Global ESG Adoption Reaches New Heights

Global ESG adoption among global investors has reached a new high, according to this year’s study. The proportion of adopters inched up by a single percentage point to 90%. This modest rise contrasts with the five-percentage-point increase in adoption recorded in our last report.

Investors’ Proactive Approach to ESG

This year’s responses suggest some long-standing barriers are starting to diminish. For example, while investors continue to highlight data quality, regulatory complexity and fund disclosures as barriers to adoption, the level of challenge presented by each of these areas has declined.

Investors appear to be feeling more proactive and more empowered; The more they know about ESG, the more they are finding ways of dealing with its challenges themselves. For instance, investors are devising their own solutions to counter confusion around fund-labeling regimes.

They are also taking proactive steps to decode data difficulties, including accessing ESG data from multiple sources, conducting their own analysis and leaning on asset managers’ proprietary research. Despite these positives, investors think greenwashing* is becoming more prevalent. This shifting perception may be indicative of wider media reporting and heightened regulatory action on greenwashing, rather than increased dysfunction. Going forward, overcoming some of the confusion associated with ESG could help sustain ESG adoption levels. And the ability to articulate the ESG investment case will prove key if more non-users are to adopt ESG.

Catalysts for adoption of ESG

A significant majority of investors who have adopted ESG firmly believe that it has the potential to enhance returns. Nearly six in 10 (57%) say incorporating ESG analysis can uncover attractive investment opportunities. And nearly half (45%) think that integrating ESG is likely to improve long-term investment results. It is not surprising then that most investors favour active strategies, with nearly three-quarters preferring active funds to integrate ESG. More effective engagement and gaining a forward-looking view of company ESG profiles are the reasons most cited by investors for preferring active strategies. Potential alpha generation is identified as a further benefit. This ties in to the potential investment benefits of targeting secular growth themes, of which environmental causes are top of mind. More than seven in 10 (71%) point to the green energy transition as the most important theme. This could reflect rising alarm at the pace of climate change and the impact of geopolitical events such as the Ukraine war.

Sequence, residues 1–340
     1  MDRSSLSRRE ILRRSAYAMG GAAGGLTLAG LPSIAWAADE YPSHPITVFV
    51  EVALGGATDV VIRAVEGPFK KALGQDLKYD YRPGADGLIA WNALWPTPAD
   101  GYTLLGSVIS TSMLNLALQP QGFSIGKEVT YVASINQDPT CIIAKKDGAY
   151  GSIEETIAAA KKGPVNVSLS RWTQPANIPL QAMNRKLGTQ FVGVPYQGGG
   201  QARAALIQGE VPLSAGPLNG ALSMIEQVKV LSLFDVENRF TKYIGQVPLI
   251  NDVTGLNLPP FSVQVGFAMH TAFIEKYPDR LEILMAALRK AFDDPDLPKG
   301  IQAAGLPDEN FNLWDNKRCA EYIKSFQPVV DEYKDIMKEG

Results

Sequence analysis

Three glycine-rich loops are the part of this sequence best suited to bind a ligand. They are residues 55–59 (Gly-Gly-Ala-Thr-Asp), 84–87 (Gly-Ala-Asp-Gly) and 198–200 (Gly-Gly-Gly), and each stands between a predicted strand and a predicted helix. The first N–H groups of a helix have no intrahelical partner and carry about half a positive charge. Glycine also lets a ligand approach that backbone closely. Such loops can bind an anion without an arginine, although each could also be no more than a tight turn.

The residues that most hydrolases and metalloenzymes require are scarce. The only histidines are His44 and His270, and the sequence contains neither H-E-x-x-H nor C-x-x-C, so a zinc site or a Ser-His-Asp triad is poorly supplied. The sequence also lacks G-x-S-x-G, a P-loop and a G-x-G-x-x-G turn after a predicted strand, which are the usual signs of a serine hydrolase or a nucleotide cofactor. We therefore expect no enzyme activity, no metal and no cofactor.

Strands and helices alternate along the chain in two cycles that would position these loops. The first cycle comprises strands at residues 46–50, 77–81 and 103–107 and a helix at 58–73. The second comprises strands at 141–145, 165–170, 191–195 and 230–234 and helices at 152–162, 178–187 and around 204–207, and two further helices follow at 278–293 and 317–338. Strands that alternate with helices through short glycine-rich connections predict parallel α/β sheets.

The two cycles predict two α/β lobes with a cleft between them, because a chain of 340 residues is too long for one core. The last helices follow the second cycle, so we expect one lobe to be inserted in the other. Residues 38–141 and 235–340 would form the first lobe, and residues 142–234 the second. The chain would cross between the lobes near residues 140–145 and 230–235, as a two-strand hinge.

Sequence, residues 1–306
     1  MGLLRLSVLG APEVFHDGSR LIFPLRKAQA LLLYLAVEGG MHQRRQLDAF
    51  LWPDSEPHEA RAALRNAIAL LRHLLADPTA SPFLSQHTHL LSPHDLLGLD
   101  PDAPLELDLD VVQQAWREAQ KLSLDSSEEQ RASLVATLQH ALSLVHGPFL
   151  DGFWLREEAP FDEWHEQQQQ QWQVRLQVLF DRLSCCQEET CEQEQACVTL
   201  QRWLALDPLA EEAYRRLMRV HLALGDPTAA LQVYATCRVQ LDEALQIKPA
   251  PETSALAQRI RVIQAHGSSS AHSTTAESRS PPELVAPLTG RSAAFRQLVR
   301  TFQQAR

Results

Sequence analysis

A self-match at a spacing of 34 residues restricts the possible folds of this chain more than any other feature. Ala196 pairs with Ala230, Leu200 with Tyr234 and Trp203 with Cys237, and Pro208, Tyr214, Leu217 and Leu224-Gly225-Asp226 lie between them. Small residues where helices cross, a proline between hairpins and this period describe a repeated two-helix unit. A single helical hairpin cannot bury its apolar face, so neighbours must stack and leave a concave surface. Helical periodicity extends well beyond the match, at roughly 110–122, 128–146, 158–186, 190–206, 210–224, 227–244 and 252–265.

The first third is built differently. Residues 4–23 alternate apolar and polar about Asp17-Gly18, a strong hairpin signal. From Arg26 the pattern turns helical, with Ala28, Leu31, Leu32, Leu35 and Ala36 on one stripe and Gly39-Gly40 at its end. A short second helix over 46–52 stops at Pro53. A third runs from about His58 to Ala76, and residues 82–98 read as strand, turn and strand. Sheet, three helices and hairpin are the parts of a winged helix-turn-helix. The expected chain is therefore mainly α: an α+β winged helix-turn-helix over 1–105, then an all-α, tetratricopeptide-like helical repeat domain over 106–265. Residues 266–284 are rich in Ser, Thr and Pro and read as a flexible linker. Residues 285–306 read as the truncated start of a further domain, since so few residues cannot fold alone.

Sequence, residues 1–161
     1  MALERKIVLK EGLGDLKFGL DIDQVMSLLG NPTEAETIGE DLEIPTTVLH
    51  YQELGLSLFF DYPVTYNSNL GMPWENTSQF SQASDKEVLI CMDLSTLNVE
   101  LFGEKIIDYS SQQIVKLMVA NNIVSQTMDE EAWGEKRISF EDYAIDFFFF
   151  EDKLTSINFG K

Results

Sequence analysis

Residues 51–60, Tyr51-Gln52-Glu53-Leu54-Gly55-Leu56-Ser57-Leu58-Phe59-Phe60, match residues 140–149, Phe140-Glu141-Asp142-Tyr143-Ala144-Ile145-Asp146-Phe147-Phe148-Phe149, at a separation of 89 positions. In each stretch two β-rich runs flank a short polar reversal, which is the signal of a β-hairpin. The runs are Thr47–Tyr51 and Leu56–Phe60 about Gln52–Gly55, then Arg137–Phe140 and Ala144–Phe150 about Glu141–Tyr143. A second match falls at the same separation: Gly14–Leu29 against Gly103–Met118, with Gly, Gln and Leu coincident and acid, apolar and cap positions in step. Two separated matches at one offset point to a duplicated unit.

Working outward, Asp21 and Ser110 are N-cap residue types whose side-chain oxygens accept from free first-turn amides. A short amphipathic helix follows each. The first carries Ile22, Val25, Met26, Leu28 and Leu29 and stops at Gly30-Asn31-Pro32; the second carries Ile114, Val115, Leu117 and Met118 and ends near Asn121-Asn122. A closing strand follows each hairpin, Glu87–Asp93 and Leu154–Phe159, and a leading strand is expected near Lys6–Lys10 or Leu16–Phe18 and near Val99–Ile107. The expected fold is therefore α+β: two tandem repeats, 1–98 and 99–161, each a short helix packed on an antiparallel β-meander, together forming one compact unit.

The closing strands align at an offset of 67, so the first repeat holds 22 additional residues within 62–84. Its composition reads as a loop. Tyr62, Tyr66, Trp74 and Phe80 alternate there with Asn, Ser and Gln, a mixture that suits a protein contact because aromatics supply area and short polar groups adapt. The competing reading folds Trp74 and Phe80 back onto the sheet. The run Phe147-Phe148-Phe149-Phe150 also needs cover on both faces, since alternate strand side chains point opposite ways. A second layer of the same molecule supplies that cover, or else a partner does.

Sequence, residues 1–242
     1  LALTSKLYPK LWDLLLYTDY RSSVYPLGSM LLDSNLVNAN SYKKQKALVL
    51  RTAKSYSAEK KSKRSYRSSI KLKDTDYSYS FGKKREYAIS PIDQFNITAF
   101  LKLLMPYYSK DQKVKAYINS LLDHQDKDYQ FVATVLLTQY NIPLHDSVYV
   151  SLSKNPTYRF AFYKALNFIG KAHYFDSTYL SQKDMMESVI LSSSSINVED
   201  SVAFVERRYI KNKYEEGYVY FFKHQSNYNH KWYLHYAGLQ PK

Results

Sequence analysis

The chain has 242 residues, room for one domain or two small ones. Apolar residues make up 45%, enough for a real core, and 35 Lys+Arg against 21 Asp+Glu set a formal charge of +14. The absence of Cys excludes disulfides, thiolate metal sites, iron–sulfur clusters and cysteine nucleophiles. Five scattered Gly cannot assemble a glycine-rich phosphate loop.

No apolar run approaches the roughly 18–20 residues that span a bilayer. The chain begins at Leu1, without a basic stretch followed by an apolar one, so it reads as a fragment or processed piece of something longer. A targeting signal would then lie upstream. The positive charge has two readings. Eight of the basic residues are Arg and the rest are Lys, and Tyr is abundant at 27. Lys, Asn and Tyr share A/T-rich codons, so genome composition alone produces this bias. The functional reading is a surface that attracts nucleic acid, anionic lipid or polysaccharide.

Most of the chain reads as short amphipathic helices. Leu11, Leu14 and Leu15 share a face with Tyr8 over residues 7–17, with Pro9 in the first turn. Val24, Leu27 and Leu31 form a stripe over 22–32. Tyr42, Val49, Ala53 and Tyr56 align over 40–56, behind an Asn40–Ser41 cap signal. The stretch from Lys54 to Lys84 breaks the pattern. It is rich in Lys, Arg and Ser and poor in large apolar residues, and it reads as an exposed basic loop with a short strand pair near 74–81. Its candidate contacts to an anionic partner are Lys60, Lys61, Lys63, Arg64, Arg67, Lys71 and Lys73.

Advancing ESG: Shifting the Spotlight to Social Factors

Despite a bias toward environmental considerations, a significant percentage of investors want to support a broad array of causes across the sustainability spectrum. Around half of respondents flag “sustainable cities and communities” and “health and wellbeing” as two important themes they consider when selecting ESG funds. Furthermore, investors are alert to the potential risks of focusing solely on the climate aspect of the green energy transition; More investors this year are concerned about social issues being overlooked in the push for climate action.

Many investors therefore have an appetite for a diverse range of ESG themes. And this manifests in demand for funds aligned to the UN Sustainable Development Goals (SDGs). Nearly half say there is a need for multi thematic ESG funds aligned to most of the SDGs. However, demand for these funds is not being met by an appropriate range of products. A significant number of investors point to a lack of suitable SDG-aligned equity, fixed income and multi-asset products.

The Advantages of Multi Thematic Funds and the Benefits of Investing in Transitioners

The diversifying properties of multi thematic funds also hold appeal for ESG investors looking to neutralize investment style biases. Four in 10 (40%) respondents think multi-thematic ESG funds are an effective means of diversifying risks related to style biases. And more than a third (35%) plan to raise allocations to more style-neutral ESG equity strategies over the next 12 months. Investors also point to the importance of holding transitioning companies in portfolios. As well as accelerating the transition to a green future, investors think transitioning companies offer compelling investment opportunities. As such, they are shifting away from a singular focus on ESG leaders, with six in 10 saying strategies investing solely in leaders at the expense of transitioners will miss out on investment opportunities. Instead, they are looking to construct balanced portfolios synthesizing the different but complementary qualities of businesses whose products and services are aligned to ESG-related goals, alongside transitioners that are moving towards alignment. This blended approach offers the prospect of a broader opportunity set, greater diversification and the potential for enhanced investment results.

* Interpretations of what constitutes greenwashing can vary, but broadly the term relates to giving a misleading impression on the ESG or sustainability characteristics of a product, activity or organization.


Guest contribution by Capital Group





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